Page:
I realized a little while ago why watching nudibranchs in the water is a surprisingly intense experience – at least to me. It’s not just the otherworldliness of the animals, but the fact that as you watch them – with their slow but definite passage from place to place, their constant probing and sensing – you start to see the other things around them in a new way.
Bits of sponge, tunicates, and as one goes smaller, delicate hydroids and the like – all the inhabitants of the nudi-scale world – come more clearly into view.
What is that forest of tiny hands? What are the luminescent lily-pads below?
Part of this experience is due to the fact that nudibranchs so often seem to be peering and scanning around them. Their eyes are very rudimentary – invisible in these photos – and this peering is, I assume, a chemical peering; they are smelling/tasting the water with the rhinophores on the top of their head. Because they seem so determined to perceive whatever is around, as an observer you tend to join in, and notice all sorts of things you’d never normally see.
Amid the red-algae maze that this one, Goniobranchus roboi, has worked its way into, are thin filaments, almost transparent.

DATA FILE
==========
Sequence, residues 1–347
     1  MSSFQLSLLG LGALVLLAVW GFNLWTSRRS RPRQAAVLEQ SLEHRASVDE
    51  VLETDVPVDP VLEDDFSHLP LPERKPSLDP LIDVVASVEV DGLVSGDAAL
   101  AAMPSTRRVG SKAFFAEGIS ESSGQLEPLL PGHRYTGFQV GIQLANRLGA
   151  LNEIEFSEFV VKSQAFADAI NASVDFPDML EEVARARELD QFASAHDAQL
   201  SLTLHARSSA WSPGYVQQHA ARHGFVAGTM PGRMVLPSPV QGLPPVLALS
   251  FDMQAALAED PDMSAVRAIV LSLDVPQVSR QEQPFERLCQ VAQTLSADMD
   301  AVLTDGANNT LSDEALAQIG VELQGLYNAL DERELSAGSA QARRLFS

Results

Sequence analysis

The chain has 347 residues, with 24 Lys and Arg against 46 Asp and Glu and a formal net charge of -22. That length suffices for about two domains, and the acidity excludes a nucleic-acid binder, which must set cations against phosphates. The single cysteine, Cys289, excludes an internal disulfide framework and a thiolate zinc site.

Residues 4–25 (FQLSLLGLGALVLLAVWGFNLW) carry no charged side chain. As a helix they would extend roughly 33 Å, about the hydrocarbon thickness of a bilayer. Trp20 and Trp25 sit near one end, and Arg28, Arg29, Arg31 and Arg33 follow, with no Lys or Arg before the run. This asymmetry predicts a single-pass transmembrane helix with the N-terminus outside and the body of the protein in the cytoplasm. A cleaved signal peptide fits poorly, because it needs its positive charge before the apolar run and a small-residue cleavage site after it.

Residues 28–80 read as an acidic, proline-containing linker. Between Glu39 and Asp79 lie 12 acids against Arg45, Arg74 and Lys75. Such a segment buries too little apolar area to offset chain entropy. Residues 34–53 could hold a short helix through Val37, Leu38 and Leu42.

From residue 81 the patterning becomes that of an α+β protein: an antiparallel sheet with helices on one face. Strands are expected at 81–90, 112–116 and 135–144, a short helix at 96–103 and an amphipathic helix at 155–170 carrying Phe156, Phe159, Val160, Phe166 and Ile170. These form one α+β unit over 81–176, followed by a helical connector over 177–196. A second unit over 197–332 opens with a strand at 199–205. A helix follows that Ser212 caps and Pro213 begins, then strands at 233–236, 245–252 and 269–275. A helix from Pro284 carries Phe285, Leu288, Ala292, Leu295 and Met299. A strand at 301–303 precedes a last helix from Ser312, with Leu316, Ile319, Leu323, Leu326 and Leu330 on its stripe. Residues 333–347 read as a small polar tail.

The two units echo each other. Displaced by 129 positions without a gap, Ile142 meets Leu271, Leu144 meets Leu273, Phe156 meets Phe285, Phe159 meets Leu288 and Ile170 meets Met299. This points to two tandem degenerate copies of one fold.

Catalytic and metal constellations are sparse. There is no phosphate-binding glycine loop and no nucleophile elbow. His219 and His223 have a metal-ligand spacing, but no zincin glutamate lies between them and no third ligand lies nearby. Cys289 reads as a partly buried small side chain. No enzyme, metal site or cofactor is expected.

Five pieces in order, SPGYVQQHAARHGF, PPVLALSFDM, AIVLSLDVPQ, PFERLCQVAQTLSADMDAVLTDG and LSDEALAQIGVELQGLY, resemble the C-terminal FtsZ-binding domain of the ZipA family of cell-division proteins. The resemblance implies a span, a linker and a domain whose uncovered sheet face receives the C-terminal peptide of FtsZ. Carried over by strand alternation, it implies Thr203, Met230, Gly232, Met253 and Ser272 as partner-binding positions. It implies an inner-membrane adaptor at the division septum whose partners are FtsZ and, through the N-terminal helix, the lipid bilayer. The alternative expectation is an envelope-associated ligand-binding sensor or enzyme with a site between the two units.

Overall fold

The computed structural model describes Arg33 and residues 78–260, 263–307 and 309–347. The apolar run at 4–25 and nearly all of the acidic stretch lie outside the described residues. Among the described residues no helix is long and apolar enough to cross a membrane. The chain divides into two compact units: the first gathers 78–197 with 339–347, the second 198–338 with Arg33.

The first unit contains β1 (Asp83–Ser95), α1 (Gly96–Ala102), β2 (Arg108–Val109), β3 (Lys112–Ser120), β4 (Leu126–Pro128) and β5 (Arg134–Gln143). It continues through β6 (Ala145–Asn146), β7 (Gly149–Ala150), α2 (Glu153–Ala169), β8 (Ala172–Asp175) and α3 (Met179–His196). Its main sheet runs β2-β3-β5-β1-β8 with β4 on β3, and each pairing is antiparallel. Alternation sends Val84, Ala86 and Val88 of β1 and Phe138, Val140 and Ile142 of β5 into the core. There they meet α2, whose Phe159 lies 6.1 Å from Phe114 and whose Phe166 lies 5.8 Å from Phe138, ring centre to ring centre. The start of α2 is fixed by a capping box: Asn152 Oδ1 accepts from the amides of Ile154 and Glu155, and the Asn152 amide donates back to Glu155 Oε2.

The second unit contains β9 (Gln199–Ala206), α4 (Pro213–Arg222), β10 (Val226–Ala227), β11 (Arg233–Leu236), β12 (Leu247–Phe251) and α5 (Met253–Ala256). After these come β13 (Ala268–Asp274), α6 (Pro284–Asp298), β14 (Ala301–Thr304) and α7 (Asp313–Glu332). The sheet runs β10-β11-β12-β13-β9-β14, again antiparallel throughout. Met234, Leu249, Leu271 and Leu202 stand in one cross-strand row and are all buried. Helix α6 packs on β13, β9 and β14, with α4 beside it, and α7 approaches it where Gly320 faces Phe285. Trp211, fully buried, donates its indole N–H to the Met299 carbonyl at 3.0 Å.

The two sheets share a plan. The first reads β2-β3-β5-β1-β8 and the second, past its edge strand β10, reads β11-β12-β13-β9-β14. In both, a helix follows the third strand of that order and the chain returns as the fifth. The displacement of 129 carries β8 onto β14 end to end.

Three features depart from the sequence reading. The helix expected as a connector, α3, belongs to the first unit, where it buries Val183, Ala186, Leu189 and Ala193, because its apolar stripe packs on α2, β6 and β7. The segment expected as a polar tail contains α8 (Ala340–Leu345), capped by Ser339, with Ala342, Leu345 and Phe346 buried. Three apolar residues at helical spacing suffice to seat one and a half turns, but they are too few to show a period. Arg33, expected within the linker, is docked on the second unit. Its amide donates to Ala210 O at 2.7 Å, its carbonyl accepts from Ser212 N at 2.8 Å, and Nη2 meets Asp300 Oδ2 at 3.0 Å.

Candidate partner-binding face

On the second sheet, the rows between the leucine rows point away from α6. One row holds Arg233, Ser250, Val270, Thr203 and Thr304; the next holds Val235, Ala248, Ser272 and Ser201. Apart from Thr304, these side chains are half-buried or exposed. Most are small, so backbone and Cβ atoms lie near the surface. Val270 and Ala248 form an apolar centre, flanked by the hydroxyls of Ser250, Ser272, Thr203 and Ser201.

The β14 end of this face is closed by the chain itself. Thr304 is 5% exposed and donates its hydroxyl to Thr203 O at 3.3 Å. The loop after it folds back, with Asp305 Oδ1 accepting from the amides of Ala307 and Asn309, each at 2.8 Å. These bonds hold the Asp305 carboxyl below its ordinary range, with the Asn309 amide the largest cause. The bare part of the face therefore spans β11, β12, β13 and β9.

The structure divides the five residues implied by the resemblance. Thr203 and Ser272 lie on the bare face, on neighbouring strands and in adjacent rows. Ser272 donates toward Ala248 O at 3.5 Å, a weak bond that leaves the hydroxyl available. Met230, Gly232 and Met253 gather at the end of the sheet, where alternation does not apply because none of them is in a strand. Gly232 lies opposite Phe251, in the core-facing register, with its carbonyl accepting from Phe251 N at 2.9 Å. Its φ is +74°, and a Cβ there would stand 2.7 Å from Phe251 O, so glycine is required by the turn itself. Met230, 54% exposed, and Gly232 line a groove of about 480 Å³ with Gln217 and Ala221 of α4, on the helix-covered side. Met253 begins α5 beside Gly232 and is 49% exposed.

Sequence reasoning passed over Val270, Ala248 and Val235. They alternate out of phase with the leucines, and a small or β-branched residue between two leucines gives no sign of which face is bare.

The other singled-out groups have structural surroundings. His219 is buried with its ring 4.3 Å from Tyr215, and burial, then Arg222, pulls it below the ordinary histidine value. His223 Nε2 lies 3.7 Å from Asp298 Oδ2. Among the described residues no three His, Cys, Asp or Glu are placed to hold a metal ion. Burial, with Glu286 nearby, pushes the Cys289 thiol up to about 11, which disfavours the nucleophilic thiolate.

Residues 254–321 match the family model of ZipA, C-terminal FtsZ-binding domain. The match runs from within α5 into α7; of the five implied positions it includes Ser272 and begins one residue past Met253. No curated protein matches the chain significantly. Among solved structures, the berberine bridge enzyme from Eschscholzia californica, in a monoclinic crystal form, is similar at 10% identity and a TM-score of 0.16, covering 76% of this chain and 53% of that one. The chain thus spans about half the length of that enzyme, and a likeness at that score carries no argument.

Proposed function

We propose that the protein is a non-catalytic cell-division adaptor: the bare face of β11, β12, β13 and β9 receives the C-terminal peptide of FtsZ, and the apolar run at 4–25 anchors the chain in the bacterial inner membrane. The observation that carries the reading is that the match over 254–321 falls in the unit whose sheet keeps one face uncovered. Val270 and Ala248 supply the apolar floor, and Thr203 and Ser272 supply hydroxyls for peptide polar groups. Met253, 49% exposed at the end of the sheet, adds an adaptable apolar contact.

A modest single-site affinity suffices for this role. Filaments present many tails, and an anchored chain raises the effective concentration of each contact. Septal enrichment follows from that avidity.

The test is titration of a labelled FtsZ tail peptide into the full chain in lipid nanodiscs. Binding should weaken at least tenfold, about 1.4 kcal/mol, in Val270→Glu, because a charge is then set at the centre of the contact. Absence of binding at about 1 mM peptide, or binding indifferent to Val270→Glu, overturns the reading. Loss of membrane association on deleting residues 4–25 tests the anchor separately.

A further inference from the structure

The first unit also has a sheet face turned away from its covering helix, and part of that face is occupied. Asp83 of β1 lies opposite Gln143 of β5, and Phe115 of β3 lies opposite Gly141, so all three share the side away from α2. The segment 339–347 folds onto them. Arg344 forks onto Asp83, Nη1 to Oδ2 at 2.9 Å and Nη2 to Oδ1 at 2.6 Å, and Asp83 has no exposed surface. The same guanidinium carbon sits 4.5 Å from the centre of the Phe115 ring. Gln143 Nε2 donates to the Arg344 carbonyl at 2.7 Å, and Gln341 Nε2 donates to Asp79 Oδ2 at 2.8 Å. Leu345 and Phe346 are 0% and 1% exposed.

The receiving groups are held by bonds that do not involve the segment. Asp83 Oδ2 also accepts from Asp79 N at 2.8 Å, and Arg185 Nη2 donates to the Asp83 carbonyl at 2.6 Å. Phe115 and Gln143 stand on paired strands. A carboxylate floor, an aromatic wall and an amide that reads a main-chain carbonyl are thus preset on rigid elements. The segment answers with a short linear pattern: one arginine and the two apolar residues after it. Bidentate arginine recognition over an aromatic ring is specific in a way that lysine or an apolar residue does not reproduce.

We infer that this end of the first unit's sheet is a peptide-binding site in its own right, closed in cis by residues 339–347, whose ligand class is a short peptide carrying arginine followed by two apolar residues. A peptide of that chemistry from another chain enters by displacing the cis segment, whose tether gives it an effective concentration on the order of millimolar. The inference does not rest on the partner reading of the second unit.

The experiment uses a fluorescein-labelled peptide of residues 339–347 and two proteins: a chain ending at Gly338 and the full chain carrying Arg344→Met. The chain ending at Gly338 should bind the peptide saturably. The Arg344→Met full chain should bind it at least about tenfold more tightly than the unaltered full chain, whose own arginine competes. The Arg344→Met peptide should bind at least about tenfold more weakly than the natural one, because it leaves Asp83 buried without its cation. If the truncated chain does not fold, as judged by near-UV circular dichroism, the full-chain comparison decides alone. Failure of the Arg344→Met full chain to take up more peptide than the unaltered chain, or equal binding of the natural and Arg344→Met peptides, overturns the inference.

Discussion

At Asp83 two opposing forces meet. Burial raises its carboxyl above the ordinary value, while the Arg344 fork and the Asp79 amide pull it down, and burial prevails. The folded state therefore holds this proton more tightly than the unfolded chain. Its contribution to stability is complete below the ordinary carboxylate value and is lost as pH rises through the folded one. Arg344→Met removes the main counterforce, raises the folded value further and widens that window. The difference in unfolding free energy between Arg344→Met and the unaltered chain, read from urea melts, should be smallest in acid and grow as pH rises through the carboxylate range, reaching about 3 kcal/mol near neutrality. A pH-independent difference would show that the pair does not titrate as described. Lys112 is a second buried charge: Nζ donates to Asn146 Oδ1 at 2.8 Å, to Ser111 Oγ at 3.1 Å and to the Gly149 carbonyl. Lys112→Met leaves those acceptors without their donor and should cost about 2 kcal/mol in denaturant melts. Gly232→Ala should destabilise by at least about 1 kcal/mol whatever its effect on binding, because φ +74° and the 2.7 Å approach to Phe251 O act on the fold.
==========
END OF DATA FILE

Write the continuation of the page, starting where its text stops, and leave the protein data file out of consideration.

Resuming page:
Nudibranch behaviors, and the particular kind of agency they present to a watcher, are like a telescope into the tiny scale on which they live.
Species shown, from the top: Chromodoris hunterae, Ceratosoma amoenum, Jorunna ‘species 2,’ as yet undescribed, Goniobranchus roboi, and Doriprismatica atromarginata. All at Cabbage Tree Bay, except roboi at Nelson Bay.
The New York Times has a nudibranch video up on its site at the moment. And an all-nudi photo competition has just been announced.
Talking of small things, WetPixel recently posted some very good photos of larvae of different marine animals.